Binary Search Tree - Starting with lists

[ Personal detail: I want to share the things that I truly think are clever little designs, but if they're not and I'm stupid, then at least I learned about the greater scope of it all. ]

Binary Search Trees

Let's start from the top and work down:

A Binary Search Tree is a data structure centered around the concept of nodes, or structures which contain data and links to other structures. This concept is the driving force of a similar, more simple object as well, the list, more specifically -- a singly-linked list.

Linked Lists

Lets walk through an imaginary linked list and then describe it in code. First we must create our structure to hold data and our links to other structures. In our diagram, we can represent that structure with brackets:

With the definition we have so far a structure pointing to another structure is represented as:

However, that isn't quite accurate. The links are storing the location of the next structure, so it makes sense to use a more meaningful representation:

In that representation, we could walk through a list by following the links sequentially:

We do this by following each link to the next node, then following it's link, and so on. In theory, it is a simple idea, but it is the root of so many more complexities.

Now the C code:

(Only the relevant parts of a list)
typedef struct node_t { 
    int data;                                   
    struct node_t * next;                       
} node;

int traverse_forward(node * head, int (*action)(int value)){
    if(head == NULL){
        return -1;
    while(head->next != NULL){               
        head->next = head->next->next; 

Comments by line:

1 : This is the definition of the structure which holds our data and link.
2 : It holds a single int variable as our data;
3 : This is a pointer to another structure, this is what gives our list it's properties.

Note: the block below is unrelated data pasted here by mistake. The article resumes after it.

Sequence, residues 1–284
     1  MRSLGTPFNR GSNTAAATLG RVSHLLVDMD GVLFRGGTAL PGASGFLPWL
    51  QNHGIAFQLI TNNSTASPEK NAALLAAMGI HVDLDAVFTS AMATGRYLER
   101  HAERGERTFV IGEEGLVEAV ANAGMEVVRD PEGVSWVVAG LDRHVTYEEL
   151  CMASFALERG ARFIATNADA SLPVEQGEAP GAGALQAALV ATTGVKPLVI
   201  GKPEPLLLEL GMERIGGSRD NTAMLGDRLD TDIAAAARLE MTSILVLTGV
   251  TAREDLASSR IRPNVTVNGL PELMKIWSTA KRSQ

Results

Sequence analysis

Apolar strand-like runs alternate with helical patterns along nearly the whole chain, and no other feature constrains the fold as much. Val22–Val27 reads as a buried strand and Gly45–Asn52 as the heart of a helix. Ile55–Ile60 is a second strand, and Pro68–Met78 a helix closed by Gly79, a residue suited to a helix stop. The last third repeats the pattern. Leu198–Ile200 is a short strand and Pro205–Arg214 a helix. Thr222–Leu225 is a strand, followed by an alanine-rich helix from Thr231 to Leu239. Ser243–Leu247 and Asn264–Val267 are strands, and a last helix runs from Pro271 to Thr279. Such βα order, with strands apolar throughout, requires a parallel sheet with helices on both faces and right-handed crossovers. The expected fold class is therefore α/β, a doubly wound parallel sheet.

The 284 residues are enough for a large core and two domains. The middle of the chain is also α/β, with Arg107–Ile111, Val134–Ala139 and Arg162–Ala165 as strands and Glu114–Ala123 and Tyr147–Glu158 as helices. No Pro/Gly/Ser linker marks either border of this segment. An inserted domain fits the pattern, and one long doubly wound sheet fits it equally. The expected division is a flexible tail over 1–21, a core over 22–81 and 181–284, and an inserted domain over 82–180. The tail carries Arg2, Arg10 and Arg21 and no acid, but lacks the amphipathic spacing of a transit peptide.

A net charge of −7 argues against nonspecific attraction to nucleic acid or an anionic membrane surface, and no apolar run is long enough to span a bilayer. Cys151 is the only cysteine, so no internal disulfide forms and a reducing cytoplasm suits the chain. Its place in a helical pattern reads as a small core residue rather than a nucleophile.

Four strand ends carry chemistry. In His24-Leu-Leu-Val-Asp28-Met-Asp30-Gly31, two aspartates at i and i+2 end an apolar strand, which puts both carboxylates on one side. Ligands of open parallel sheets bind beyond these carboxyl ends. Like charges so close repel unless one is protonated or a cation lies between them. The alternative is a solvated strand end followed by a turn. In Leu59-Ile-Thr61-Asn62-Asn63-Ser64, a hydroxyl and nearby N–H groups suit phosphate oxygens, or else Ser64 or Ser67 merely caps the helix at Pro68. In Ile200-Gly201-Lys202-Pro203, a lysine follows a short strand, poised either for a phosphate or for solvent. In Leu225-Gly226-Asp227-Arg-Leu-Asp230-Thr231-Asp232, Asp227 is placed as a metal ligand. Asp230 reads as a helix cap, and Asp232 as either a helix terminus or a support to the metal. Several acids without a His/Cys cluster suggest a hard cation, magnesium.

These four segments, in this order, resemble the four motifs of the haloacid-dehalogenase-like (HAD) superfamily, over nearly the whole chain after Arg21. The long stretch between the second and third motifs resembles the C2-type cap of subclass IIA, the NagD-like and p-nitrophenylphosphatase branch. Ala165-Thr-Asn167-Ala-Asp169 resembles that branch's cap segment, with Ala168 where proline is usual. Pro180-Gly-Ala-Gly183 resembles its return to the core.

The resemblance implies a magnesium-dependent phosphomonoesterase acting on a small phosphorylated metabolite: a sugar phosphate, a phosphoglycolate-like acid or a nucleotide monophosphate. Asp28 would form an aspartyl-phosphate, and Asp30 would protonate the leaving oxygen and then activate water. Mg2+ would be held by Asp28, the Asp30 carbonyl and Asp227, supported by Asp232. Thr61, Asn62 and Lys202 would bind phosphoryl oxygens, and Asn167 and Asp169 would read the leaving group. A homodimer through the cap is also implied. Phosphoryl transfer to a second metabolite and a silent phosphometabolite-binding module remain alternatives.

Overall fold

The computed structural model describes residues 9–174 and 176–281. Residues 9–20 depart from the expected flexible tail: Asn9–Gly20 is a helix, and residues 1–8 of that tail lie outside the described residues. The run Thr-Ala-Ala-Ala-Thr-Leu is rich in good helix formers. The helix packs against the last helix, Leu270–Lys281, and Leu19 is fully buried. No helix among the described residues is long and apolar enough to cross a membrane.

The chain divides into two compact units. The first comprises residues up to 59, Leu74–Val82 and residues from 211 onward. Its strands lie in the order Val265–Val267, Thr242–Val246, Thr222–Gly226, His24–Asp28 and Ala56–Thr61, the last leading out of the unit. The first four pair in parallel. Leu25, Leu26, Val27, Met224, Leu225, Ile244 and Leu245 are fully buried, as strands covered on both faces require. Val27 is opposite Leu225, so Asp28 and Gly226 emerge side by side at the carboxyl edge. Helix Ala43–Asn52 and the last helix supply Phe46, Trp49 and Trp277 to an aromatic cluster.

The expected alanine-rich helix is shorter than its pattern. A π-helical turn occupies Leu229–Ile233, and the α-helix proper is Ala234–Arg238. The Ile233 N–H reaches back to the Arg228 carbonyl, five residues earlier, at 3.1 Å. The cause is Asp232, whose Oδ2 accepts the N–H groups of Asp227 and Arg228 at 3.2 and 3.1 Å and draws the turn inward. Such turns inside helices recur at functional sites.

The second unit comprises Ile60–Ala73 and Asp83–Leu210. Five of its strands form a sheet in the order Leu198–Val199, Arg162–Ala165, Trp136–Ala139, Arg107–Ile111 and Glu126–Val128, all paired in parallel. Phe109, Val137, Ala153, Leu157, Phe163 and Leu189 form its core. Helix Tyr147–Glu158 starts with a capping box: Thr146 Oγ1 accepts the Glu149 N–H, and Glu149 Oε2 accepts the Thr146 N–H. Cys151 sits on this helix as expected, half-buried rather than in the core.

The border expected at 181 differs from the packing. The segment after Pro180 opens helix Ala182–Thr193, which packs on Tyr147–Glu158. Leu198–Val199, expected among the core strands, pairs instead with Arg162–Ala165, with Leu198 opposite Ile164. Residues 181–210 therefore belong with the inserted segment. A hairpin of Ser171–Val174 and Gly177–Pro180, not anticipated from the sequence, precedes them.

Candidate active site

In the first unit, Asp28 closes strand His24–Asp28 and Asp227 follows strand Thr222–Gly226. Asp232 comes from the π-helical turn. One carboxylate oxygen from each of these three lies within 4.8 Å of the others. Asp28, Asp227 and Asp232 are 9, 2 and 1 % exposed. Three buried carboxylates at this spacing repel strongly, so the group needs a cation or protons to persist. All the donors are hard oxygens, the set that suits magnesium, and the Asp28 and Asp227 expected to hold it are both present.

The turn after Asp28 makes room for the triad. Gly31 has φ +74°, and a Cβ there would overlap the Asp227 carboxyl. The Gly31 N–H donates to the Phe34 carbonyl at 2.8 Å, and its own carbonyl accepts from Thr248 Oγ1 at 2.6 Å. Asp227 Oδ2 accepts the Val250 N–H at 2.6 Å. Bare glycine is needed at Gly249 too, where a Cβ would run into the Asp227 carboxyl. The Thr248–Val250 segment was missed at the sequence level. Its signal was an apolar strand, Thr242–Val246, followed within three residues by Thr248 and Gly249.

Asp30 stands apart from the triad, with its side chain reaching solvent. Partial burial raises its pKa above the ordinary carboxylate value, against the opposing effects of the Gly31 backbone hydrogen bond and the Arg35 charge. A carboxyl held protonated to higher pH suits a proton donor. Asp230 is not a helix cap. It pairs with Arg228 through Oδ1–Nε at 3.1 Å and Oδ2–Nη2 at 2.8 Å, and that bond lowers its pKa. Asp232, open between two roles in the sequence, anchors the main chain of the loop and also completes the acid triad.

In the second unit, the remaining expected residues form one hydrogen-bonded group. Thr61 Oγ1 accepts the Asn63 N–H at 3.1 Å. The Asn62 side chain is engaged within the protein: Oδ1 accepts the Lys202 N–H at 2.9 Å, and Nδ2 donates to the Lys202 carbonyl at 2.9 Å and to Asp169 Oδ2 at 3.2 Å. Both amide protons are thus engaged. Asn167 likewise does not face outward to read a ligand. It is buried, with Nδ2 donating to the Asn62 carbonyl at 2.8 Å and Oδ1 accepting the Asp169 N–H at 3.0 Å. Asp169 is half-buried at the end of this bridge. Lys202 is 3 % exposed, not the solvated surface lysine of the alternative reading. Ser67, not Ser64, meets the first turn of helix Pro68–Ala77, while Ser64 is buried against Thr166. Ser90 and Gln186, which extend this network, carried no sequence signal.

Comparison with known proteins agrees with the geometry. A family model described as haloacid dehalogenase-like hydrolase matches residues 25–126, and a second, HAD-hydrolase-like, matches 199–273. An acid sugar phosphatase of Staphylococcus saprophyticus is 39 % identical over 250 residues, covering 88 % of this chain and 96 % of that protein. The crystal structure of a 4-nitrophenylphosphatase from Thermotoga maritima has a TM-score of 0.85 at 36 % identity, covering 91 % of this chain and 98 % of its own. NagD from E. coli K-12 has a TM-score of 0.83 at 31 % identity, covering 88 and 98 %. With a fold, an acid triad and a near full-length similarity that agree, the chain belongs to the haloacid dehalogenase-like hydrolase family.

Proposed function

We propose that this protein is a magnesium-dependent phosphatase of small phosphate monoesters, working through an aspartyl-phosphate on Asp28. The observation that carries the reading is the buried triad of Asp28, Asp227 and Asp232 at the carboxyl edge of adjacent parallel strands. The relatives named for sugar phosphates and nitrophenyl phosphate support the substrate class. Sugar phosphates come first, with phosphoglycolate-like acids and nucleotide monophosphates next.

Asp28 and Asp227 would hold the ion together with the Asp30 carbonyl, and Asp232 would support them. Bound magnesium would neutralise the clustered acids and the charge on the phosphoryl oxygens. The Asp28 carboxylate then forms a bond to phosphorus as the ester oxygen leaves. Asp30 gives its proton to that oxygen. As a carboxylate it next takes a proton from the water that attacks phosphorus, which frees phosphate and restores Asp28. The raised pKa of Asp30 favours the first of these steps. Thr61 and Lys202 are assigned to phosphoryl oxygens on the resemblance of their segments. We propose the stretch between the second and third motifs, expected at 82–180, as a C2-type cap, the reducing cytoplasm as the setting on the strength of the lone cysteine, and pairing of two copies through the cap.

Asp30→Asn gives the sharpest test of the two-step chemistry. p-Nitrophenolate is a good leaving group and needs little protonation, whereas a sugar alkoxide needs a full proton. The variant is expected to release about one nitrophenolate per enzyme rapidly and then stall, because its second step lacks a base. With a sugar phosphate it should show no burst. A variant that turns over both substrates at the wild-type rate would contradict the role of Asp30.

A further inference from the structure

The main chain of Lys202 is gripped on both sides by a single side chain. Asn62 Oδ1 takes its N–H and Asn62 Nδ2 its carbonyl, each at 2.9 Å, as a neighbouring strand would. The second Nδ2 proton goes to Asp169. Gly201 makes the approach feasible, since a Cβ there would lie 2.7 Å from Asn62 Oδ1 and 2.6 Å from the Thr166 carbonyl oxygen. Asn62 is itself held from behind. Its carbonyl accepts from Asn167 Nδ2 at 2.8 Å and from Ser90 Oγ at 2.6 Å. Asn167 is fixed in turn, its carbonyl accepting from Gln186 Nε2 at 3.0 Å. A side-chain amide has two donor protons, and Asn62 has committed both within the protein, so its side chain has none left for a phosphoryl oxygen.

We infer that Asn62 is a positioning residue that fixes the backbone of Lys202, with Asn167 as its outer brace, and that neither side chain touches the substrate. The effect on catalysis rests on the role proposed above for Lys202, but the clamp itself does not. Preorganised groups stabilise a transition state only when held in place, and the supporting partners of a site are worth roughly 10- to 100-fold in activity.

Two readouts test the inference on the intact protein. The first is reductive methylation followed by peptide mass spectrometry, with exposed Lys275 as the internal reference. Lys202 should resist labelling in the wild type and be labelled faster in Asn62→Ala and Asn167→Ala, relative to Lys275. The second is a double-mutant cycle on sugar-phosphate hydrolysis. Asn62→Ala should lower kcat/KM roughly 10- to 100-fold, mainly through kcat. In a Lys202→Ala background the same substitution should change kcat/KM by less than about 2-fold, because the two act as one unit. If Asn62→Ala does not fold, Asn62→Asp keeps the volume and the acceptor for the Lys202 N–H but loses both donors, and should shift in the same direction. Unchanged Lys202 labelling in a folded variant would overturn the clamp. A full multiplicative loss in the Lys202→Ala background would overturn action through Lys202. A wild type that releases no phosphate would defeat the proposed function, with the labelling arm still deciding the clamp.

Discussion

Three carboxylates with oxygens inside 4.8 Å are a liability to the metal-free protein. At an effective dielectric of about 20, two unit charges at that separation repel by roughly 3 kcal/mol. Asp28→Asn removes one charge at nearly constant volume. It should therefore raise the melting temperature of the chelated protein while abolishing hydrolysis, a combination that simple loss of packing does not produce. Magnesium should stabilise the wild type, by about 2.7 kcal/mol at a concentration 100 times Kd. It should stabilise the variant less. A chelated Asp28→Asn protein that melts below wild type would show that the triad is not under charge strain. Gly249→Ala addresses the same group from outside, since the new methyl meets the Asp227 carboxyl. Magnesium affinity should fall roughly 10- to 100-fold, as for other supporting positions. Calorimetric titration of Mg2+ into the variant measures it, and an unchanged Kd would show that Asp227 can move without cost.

12: While we aren't at the end of the list:
13: Do an action with our data;
14: Go to the next link;

Next Time...

In the following post, I will describe the BST in C++ and break down the algorithm for inserting a node. (This is, after all, the algorithm that shapes the list into a tree.)

A word on content.



This is a programming blog which will be going over many different topics. The primary language I will be using is C++, but we will also use C. In the future, I plan to bring Haskell and Prolog into the mix.

I intend for this to be a very abstract blog with very concrete examples. 

Content of This Blog

This blog will also be implementing very many algorithms for the sake of learning how they work, include many features of that most treat as black boxes for their entire career.

I will be posting and analyzing snippets of code, as well as full programs. We will also go over interesting theories in the field, implementing the ones that are short enough. This includes going beyond the normal consideration - "needless details" to the developer who isn't curious about the insides of the abstraction. (Or sometimes just doesn't have the time to do it for production code.)

The following is an outline for a planned set of posts:

  • The end product will be a working string class with clean and acceptable code, but the goal was the process -- to learn more about how the internals work. Almost by definition, we will be using as few libraries as possible, even if it means re-implementing code.
  1. Implement a Binary Search Tree (BST) class and talk about it's uses, specifications, and mathematical basis.* 
  2. Derive a Rope class from the BST class.
  3. Derive a string class designed for long strings from the Rope class that is fully compatible with C strings and C++'s std::string.
We will use that string class for another set of posts that will implement a text editor -- hence the reason for using the rope structure. (There will be more interesting things like markov chains, ANNs, et cetera.)

*This is true of all posts!


I highly encourage comment discussions (as well as "bug reports") and I appreciate suggestions for posts and topics.

I am using a third party code "prettifier" called SyntaxHighlighter:
int cmp_str(char * str1, char * str2){
    int i = 0, j = 0;
    while(*(str1+i) != '\0' && *(str2+i) != '\0'){
        if(*(str1+i) == *(str2+i)){
    if(j == i){
        return true;
    } else {
        return false;